Are you using digital media to promote your station contest this spring? Google and YouTube have stepped up their enforcement of ad-policy violations with automated bots – and radio has inadvertently fallen into the cross-hairs. The crackdown started in March and has affected legitimate business categories that have been infiltrated by scam artists. Google has responded with AI-propelled ad-compliance bots that DO NOT work as intended.
Here’s what may have your digital team working overtime this spring:
Contests making an “Unrealistic Claim.” As with ads that promote miracle hair-restoration cures, radio stations are held accountable for sweepstakes language that doesn’t pass the smell test — and not just in video and display advertising, but on their websites, too. If your contest landing page or paid ads include a headline like “Win Four Times Every Weekday,” you’ll get flagged and your promotional ad campaign can be shut down.
Google believes that, even if it’s possible for one person to win four times in a day and on multiple days in the same week, it’s not likely – and they’ll suspend the ad campaign on the basis of misleading advertising. Even if your campaign is initially approved, disapprovals may come retroactively. We find the bots are most active on Friday night. Maybe they do it to ruin the weekend plans of digital marketers?
Copyright: Do you have a “listen live” button on your site or station app? Now Google requires proof that you are paying SESAC, ASCAP and BMI streaming-licensing fees. Even if your campaign has nothing to do with your live stream, you may need to get your site white-listed by Google/YouTube before any paid advertising can run. There’s an involved application process and approvals can take a couple of weeks. It’s a good idea to make sure the person or agency handling your digital advertising is up to speed, so you are not surprised in the middle of your ratings-driven contest.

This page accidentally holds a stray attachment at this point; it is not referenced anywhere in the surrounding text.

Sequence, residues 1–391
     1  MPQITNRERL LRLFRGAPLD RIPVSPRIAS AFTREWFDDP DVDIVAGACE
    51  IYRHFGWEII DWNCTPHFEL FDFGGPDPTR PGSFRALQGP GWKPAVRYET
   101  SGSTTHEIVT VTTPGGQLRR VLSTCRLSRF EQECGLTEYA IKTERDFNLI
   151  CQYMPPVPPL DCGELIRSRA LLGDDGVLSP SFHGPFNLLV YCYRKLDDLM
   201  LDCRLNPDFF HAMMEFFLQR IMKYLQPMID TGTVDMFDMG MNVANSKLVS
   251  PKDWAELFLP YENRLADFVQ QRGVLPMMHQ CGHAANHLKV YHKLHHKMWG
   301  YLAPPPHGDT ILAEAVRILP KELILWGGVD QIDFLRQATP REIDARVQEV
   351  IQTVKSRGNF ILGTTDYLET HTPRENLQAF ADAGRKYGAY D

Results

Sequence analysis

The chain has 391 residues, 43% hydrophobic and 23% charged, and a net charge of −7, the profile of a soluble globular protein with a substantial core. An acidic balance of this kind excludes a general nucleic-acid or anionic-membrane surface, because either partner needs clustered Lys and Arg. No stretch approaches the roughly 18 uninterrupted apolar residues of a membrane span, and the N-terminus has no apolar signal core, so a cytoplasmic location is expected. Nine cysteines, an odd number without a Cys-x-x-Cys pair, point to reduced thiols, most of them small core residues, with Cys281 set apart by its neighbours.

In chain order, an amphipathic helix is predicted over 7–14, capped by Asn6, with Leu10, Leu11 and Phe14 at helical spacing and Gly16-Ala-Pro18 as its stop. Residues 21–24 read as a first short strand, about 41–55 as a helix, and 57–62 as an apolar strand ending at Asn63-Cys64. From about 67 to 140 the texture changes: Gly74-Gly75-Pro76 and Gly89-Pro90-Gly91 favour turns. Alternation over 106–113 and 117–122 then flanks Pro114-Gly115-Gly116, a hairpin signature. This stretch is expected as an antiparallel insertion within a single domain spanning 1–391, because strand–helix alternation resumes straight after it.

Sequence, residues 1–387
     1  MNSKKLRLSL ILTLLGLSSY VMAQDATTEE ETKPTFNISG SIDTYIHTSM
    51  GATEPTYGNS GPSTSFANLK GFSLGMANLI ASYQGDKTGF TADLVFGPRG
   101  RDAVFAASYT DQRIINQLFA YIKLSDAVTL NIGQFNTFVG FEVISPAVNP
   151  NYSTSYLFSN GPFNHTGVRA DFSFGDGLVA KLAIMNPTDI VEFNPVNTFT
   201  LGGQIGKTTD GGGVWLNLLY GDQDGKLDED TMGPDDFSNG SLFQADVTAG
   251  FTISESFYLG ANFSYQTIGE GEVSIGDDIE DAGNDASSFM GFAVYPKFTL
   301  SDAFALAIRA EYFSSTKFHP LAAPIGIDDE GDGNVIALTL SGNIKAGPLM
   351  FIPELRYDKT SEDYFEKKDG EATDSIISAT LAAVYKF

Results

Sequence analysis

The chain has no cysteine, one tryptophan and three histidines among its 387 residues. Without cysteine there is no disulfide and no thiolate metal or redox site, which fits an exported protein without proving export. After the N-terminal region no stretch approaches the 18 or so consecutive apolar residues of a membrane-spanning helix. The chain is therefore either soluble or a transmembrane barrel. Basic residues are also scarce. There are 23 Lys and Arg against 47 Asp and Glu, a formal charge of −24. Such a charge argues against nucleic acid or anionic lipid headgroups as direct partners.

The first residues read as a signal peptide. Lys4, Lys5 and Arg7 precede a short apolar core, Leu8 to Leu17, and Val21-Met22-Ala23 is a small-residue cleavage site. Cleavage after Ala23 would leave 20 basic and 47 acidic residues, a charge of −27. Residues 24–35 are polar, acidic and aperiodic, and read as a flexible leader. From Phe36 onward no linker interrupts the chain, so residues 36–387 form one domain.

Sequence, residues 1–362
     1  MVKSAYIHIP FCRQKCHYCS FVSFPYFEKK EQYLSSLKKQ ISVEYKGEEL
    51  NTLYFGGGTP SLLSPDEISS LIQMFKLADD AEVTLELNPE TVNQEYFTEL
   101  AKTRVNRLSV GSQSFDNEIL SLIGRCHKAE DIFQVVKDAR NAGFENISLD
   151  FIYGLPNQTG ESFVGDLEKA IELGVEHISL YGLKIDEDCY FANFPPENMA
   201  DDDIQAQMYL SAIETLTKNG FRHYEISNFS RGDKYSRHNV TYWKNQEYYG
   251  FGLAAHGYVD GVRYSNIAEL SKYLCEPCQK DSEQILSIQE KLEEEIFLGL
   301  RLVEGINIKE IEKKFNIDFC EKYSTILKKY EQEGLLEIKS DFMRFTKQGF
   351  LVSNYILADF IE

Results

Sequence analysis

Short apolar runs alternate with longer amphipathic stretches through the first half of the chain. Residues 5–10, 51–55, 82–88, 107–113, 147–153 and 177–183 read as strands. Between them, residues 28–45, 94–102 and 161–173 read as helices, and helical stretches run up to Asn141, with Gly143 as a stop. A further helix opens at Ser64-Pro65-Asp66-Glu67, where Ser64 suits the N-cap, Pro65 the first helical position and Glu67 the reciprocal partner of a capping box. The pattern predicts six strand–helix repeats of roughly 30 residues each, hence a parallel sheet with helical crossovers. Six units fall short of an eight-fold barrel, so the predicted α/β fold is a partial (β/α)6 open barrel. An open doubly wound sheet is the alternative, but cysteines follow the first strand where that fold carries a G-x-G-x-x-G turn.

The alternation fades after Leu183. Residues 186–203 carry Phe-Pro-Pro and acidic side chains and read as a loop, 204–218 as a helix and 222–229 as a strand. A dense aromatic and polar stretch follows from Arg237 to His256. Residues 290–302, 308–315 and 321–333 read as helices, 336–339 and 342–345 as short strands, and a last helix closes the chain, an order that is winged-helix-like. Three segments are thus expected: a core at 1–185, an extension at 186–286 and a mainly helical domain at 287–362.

Event Ticket Sales: You’ve worked hard to make sure you deliver up-to-date concert information on your site. You provide your links to ticket-sales landing pages whether you’re supporting a promoter’s ad buy or just as a convenience for listeners. Those links may cause Google to view your site as a ticket reseller. You’ll be forced to go through a white-labeling process here as well (you can thank incessant ticket-scalping scam advertisers for this). Google/YouTube enforces its website content policies, even if your promotion has nothing to do with a concert and even if concerts are not the subject of your paid advertising.
Poor Landing Page Experience: Too many ads on your destination landing page, pre-roll video running in front of advertised site content or excessive page load times are some of the other reasons for ad campaigns getting shut down by both Facebook and Google. We urge our clients to keep their contest page ad-map free.
The most recent crackdown on digital advertising has come from Google/YouTube and they’ve led the way replacing human ad-content policy-enforcers with bots. You can be sure Facebook will follow in these and other compliance areas. Facebook already makes it difficult to target a specific ethnic group without going through a white-labelling process to prove you aren’t discriminating or advocating a political point of view.
Paid ads on these channels have the potential to reach 99% of the universe of likely Nielsen respondents on a daily basis, so it’s impossible to buy around them. It’s frustrating when you’ve worked hard to make your contest and marketing campaign compliant with FCC rules and corporate rules – only to have your ad campaign disabled by an over-eager bot.
Article originally published by NuVoodoo Media. Read original here